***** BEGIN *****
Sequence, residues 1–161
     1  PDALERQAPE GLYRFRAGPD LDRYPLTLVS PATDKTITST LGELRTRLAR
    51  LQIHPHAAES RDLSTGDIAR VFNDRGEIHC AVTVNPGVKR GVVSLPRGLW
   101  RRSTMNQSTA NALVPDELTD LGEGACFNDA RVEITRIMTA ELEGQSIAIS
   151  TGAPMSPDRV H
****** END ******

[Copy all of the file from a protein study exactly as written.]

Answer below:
Sequence, residues 1–161
     1  PDALERQAPE GLYRFRAGPD LDRYPLTLVS PATDKTITST LGELRTRLAR
    51  LQIHPHAAES RDLSTGDIAR VFNDRGEIHC AVTVNPGVKR GVVSLPRGLW
   101  RRSTMNQSTA NALVPDELTD LGEGACFNDA RVEITRIMTA ELEGQSIAIS
   151  TGAPMSPDRV H